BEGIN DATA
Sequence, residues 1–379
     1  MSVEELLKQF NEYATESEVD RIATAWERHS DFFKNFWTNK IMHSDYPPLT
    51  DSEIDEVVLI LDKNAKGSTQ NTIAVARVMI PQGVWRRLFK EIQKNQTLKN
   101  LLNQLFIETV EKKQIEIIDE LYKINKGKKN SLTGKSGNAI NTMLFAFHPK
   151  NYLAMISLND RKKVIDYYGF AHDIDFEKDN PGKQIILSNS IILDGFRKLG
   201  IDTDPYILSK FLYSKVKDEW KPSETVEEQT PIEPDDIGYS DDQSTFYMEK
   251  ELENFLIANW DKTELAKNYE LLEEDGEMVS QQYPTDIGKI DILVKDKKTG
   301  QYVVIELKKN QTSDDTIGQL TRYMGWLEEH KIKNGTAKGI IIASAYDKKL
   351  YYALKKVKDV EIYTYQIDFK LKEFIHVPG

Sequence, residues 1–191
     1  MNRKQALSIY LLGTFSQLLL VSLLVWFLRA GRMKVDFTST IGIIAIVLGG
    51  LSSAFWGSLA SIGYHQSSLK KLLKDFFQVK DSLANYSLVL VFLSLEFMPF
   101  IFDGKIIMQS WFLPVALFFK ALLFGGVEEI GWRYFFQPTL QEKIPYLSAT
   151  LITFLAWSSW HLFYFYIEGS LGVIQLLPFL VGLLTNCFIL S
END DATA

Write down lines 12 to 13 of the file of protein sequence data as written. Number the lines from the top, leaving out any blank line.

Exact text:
    51  LSSAFWGSLA SIGYHQSSLK KLLKDFFQVK DSLANYSLVL VFLSLEFMPF
   101  IFDGKIIMQS WFLPVALFFK ALLFGGVEEI GWRYFFQPTL QEKIPYLSAT